Baltimore: The Real “Trickle Down” Effect

Baltimore has faded from the frenzied lens of media scrutiny. That doesn’t mean that the rage has abated. Instead, the rage can be heard – festering – in many segments of society. It’s just that many of those communities are spread out and not concentrated in ghettos. Baltimore is a victim of decades of policies designed to pinion black populations into substandard living conditions. The consequence of oppression is rage. Constrained rage feeds on itself and a cycle is born. The results can be seen in a loop on CNN… What isn’t immediately obvious is that a new dangerous underclass is evolving – a “Precariat” class as author Guy Standing calls them.

Photo: Jim Bourg Reuters

Photo: Jim Bourg Reuters

The instability of employment has led to severe economic austerity and this has led to an overwhelming growth of contingent workers. A new, poverty-stricken proletariat is becoming the norm. “Precariousness” will be the hallmark of the digital age and its ramifications will be felt globally. It drills down to inequality, massive economic disparity, and a complete lack of upward social mobility. Economics are dictated by circumstance, not by choice – as neoconservatives would have us believe.

Inextricable from social ideology, is social policy.

Advantage, or “privilege” is insular in the same way poverty is isolating. Someone who has not suffered through impoverished conditions will never comprehend what it’s like to have to make a choice between paying a utility bill and buying groceries. Being poor causes anguish and that eventually turns into rage. It was with these thoughts that I undertook to dissect the events in Baltimore. Following is a two-part post that charts only some of the events that created America’s ghettos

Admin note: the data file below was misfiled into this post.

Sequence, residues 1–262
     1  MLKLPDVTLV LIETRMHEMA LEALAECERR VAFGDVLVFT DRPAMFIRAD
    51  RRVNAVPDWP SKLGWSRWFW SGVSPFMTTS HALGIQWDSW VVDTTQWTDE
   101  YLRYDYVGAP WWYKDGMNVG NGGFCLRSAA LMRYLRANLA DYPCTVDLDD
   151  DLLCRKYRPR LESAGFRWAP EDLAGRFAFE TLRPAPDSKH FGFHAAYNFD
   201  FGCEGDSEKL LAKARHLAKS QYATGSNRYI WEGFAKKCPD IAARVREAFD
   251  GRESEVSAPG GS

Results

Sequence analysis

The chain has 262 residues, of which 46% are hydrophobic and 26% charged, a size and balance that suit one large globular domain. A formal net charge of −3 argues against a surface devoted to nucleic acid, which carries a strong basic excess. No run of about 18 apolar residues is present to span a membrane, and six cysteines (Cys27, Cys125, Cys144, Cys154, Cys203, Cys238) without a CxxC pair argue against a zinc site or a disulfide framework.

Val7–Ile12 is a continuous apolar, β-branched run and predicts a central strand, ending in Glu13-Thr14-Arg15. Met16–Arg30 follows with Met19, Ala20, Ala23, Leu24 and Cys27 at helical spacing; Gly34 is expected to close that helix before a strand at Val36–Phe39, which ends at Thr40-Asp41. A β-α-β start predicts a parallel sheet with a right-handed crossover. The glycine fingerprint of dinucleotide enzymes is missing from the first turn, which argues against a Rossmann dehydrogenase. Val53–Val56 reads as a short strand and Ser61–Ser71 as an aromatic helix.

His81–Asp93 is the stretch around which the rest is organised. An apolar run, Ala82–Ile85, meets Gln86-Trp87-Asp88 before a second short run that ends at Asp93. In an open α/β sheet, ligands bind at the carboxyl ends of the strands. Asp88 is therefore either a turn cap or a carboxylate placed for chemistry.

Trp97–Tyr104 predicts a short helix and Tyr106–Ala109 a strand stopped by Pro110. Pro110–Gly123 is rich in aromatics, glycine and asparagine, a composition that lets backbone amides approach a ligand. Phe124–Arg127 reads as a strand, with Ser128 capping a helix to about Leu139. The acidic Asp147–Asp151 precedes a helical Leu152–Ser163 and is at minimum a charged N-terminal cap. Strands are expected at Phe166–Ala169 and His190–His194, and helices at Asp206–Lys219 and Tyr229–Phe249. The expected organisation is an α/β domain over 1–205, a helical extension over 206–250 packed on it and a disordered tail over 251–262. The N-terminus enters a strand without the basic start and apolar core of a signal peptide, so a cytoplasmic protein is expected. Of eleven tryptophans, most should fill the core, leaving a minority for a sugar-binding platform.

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Inequality Never Takes a Holiday

The history of Black America is too complex to be neatly ordered into digestible sound bites, although the media would have you think that’s possible. To sum up how we arrived at this point cannot be done in 140 characters. As a result, news gatherers seize upon the most sensational images and analysis: a mother beating her son to prevent him from joining a riot, buildings and cars burning, entire communities enraged and defying police. As spectators, it’s easy to identify the police and black communities as antagonists – enemies in a constant battle that has no resolution. These images provide a simplistic framework that works to dilute the complexity of the situation. Yes, the discernible issue underlying Baltimore’s eruption is the death of Freddie Gray while in police custody, but behind this lay an insidious agenda – decades of government polices designed to engineer wealth inequality. Baltimore is a symptom – the result of a long history of enforced polices designed to perpetuate a permanent black underclass.